Wales politics

Welsh Tories give local decision-making election pledge

Welsh Conservative campaign launch
Image caption Andrew RT Davies and Welsh Secretary Alun Cairns join forces for the campaign launch

Welsh Conservative councils would offer fairer council tax bills, promote better recycling and revitalise high streets, the party has pledged.

Launching their local election campaign, Welsh Tory leader Andrew RT Davies said he wanted "decisions taken as close as possible" to communities.

The Conservatives currently run Monmouthshire with Lib Dem support.

Welsh Secretary Alun Cairns said the row over a UKIP AM joining the Tory group was not being raised by voters.

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Media captionAndrew RT Davies says Tory councils will "listen and deliver"

The campaign launch took place on Thursday in Dinas Powys, in the key Conservative target of the Vale of Glamorgan, currently run by Labour as the largest party.

The Tories hope to benefit from consistently high opinion poll ratings for Prime Minister Theresa May.

But Mr Davies has been at the centre of a furious row, after announcing the defection of AM Mark Reckless from UKIP to the Conservative assembly group despite Mr Reckless not being a Tory party member.

Mr Reckless's previous defection as an MP from the Tories overshadowed the UK party's last conference before the 2015 general election.

Senior party figures agree there is little to no prospect of him becoming a Conservative Party member anytime soon.

Image caption Andrew RT Davies welcomed Mark Reckless to the Conservative group

Welsh Secretary Alun Cairns said the row over Mr Reckless was not being raised by voters on the doorstep.

"Potholes are more important than personalities," he told BBC Wales.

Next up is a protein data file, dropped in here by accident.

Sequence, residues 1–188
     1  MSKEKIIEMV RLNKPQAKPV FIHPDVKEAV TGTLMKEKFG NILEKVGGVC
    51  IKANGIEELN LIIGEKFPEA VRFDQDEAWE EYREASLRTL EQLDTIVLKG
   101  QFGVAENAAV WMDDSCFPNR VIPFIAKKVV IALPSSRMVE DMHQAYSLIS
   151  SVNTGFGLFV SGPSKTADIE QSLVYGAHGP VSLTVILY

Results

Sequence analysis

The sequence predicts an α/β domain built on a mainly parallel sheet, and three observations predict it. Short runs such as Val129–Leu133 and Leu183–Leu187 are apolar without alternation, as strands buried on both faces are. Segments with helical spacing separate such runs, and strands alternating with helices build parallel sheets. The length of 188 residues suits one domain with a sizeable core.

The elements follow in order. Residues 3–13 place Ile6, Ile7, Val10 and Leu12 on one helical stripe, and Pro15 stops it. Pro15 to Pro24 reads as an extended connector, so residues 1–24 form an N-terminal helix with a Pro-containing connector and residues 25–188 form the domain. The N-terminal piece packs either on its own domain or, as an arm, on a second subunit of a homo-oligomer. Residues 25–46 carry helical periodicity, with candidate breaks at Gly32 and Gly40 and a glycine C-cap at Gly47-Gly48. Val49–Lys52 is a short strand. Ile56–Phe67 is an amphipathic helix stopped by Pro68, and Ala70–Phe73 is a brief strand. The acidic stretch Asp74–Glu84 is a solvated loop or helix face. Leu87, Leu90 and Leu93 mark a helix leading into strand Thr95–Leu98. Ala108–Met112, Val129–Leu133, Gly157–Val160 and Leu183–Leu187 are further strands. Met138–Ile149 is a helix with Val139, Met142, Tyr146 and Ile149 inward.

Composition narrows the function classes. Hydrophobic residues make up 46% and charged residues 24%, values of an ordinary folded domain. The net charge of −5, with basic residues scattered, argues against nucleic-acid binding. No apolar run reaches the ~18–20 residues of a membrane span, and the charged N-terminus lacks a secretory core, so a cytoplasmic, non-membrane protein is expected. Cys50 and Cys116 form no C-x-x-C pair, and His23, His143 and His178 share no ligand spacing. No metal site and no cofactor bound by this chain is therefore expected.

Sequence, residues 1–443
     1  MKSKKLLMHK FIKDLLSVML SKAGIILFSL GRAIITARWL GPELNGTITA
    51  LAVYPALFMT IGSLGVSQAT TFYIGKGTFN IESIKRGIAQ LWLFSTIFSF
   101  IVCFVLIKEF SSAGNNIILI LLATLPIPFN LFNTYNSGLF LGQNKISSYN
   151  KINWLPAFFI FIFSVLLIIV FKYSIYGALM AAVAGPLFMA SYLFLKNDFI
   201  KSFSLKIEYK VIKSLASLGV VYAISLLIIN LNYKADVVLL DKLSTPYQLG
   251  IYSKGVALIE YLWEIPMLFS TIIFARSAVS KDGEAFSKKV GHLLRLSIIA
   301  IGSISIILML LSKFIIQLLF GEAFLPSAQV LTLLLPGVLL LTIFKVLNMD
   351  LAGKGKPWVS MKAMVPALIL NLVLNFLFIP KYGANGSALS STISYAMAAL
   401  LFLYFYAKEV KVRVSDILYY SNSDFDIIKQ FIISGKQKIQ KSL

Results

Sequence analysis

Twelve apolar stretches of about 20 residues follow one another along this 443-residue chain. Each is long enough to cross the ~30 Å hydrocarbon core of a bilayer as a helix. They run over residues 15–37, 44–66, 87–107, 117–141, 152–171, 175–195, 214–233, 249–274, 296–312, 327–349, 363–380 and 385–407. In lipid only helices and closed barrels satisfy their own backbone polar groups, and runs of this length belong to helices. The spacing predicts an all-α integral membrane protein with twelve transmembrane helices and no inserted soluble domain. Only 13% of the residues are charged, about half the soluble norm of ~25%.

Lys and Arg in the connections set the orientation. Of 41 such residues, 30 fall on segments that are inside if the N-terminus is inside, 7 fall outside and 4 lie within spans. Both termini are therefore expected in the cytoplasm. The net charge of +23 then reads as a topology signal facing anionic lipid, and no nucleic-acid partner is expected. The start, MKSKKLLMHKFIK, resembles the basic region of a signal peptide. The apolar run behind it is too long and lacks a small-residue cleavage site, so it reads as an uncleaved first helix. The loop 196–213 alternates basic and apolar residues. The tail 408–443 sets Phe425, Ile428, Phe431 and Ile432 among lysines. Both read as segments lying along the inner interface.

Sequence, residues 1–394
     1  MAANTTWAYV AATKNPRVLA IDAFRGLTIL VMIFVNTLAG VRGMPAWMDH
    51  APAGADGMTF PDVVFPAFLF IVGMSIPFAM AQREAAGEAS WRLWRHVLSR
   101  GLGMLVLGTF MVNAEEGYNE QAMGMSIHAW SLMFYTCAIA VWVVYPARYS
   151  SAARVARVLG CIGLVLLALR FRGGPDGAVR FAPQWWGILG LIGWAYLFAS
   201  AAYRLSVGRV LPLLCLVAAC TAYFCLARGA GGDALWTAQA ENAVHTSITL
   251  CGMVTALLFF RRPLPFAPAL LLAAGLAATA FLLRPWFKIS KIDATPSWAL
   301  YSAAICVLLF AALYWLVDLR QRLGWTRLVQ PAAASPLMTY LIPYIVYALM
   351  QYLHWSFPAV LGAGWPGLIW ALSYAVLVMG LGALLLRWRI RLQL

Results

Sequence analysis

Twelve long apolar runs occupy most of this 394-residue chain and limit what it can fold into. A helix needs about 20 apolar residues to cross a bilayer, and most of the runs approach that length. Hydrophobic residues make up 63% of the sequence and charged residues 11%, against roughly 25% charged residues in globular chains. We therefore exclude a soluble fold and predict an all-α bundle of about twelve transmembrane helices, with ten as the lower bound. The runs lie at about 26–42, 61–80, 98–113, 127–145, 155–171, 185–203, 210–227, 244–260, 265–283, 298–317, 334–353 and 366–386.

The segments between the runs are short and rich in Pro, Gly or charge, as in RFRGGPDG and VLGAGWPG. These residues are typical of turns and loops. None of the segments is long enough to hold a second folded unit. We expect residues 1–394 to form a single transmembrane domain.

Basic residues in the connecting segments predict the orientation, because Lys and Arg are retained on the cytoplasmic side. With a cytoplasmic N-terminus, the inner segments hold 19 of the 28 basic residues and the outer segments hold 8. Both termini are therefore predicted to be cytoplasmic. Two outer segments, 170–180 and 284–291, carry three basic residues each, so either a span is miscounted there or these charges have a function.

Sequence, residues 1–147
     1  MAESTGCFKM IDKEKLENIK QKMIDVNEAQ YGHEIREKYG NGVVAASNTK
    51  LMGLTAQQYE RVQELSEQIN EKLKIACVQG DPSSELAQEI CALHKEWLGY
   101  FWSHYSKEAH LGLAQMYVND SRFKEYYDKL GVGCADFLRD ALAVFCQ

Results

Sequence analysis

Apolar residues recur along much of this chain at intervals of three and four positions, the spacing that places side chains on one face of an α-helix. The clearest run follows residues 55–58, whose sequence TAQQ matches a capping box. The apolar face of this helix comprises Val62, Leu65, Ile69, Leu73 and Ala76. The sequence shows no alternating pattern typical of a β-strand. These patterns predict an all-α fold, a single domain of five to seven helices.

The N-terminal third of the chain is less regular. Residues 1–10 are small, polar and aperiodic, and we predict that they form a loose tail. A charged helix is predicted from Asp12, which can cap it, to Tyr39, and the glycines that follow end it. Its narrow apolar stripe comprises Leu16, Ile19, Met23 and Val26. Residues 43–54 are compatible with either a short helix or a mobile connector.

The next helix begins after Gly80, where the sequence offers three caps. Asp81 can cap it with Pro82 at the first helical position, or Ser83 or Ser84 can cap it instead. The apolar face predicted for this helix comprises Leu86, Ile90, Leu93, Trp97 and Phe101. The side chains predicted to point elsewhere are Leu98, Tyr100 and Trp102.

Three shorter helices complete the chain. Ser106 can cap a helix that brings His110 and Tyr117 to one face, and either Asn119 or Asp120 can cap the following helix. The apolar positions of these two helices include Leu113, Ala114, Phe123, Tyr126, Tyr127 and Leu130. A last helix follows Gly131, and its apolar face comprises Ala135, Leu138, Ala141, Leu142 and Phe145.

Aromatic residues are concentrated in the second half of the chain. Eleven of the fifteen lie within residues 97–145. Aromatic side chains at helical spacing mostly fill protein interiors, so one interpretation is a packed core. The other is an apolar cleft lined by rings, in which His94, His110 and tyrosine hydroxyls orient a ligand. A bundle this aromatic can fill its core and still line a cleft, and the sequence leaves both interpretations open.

Mr Cairns added that the relationship between the UK Government and Mr Davies was "positive and professional", despite reports that senior figures disagreed with his welcoming of the former UKIP AM.

At the campaign launch, Mr Davies said councils should be more open to the people they served.

"Time and time again, whether it be the planning system, whether it be exorbitant council tax increases that people have had to face, they believe that Labour-run councils - along with Plaid Cymru and the Liberal Democrats - haven't been listening to them," he told BBC Wales.

"Welsh Conservatives promise to listen, promise to deliver, and above all will make sure that we're held to account when we get into county halls across the length and breadth of Wales."

Earlier, he told the BBC's Good Morning Wales programme that high pay in local government "drove people around the bend", and questioned why some officials in county halls were paid more than the prime minister.

The party's local government spokeswoman Janet Finch-Saunders said Labour and Plaid Cymru-led councils "continue to hold back our communities with a complacency that has seen our high streets deteriorate, picturesque green spaces diminish, and council tax bills spiralling out of control".

The Conservatives currently have 104 council seats in Wales, behind Labour and Plaid.

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